Wednesday, June 27, 2007

Listen up people, listen up!!

This was the main takeaway at this morning’s cosy Carat-led breakfast event on Consumer Generated Brands – Listen to your consumers.

Patrick Stahle, Carat Asia Pacific’s regional CEO hosted the session at the Chijmes courtyard with a roomful of clients and partners and led a group of four panellists in discussing the topic.

The speakers were:

Barney Loehnis, Asia Pacific network director, Isobar

Tom Sipple, managing director, Yahoo Southeast Asia

Craig Harvey, director – media research, Synovate Asia Pacific

Walt Mayo, general manager, home and small business, Dell Asia Pacific

Loehnis, Sipple, Harvey and Mayo. Apologies for the terrible photo, I wasn't planning on taking any pictures and this was what my Nokia E61i managed with NO LIGHTING plus I was sitting in the fourth row. Not bad eh?

I just wanted to share with you a few of the more interesting soundbites that we were privy to. You will also see a few more names – these are people who asked questions to the panel.

Mayo: consumers have always been in control of brands but the difference now is that they are in much more control, things are happening much faster and more innovatively. You (the brand) are being defined every day.

Harvey: The best branding success is having consumers tell the story as opposed to you telling the story

Mayo: The question is how do you directly engage customers to help you deliver more value to them? We using online suggestion/feedback boxes. We have people tell us they want this and that operating system with their PC and we work on those suggestions.

(I’m not sure but this is most probably) Harvey: Everyone wants their brands to get involved in the conversation. They key is creating a win-win situation in which both brands and consumers get something out of it. Figure out what makes your brand relevant to them.

Sipple: Companies who listen to their consumers are the ones who will succeed.

Loehnis: The exciting things are going back to analog. A handwritten letter for example is the most exciting thing I can receive in the morning. [laughter] If people are going to be excited by a message, it has to happen through ground-swell so digital’s the best way.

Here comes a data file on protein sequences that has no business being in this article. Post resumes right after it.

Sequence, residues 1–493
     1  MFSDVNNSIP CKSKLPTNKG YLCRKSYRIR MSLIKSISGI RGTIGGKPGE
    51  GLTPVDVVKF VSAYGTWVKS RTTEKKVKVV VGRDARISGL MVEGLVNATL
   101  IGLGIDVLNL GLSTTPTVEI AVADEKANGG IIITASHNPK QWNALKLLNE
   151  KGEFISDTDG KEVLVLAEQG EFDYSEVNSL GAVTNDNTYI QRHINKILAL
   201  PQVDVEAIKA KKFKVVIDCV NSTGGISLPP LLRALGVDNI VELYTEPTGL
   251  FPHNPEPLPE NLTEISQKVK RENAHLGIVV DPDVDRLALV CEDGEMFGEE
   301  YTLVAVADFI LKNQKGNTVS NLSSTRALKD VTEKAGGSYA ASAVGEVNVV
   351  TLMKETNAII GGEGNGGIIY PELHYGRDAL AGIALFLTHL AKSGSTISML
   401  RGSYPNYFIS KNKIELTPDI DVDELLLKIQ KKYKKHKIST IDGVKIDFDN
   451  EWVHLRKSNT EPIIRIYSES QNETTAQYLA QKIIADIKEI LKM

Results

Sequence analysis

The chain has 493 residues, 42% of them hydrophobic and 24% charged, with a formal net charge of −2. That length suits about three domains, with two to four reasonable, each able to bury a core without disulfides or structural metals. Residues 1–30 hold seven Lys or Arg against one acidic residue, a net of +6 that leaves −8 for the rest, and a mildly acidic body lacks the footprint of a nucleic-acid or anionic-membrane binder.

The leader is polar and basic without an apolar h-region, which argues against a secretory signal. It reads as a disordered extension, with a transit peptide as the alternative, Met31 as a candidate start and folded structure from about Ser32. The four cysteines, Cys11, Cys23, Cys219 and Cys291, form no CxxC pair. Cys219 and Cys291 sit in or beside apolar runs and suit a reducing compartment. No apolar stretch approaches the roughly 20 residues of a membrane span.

Now all advertising is new advertising, because media, like TV, are getting more interactive and everything’s changing.

Kim Walker, CEO & president for Asia, M&C Saatchi: Don’t get intoxicated with the notion of engagement because unless consumers are familiar / know the brands, they can’t engage with them. The rules have to change. You can’t just talk to them, you have to listen to them.

Chris Schauman, regional partner manager, MSN Southeast, Asia Microsoft Operations: 80% of people don’t believe what brands say about themselves. Essentially the traditional marketing model is over!

Stahle: Traditional advertising is getting very very complicated. Companies today more than before have to live their values.

Steve Garton, global head of media, Synovate: How is retail going to fit in?

Mayo: I don’t know but there have been indicators of a slowdown/ceiling in the amount people spend online.

Harvey: We’re living in the age of accountability – don’t under invest in research!

Sipple: Don’t be afraid, open up and listen to what consumers are saying about you.

Mayo: Be honest, truthful about what you’re trying to provide people.

Loehnis: Be creative – figure out what you’re trying to drive and invest in measurement.


Alfred LARGANGE said...

Harvey: The best branding success is having consumers tell the story as opposed to you telling the story

Now THAT is an insight !!!

Consumers used to be the AUDIENCE, they are now also part of the MEDIA.

Did you notice small car drivers (PERODUA Kelisa, SUZUKI Swift, etc.) having Blogs and animating clubs that have nothing to do with the local distributors ?

By creating communities, they create a life for the product that go beyond what the distributor has ever imaginated.

Emma Chen said...
This comment has been removed by the author.
Emma Chen said...


The most powerful marketing being word of mouth - word of mouth among peers, the circle of influence to be specific.

Apparently, planners often over-looked the value and opportunities in sending their Brands to premises where peers are meeting daily for meals and tea / coffee in between.

Maybe it’s got to do with some true bravery to embrace what’s common sense.

“…if I were pay so much to execute a campaign that’s so simple and just plain use of common sense, where’s the value?” Client ask.

So, we often go for the difficult one. Trying to justify value in the complications involved at Client's expense anyway. No?

Alfred LARGANGE said...
This comment has been removed by the author.
Alfred LARGANGE said...

Well, word of mouth is not only one of the most powerful factors in shaping a brand. I foresee that it will have a strong impact on the Branding and the Advertising campaigns of products who have reached iconic status.

See my reflection on the iPhone:

OK, OK, here is my piece on the iPhone

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It was an interesting event, indeed we are very dependent on the companies for products that we think we need.

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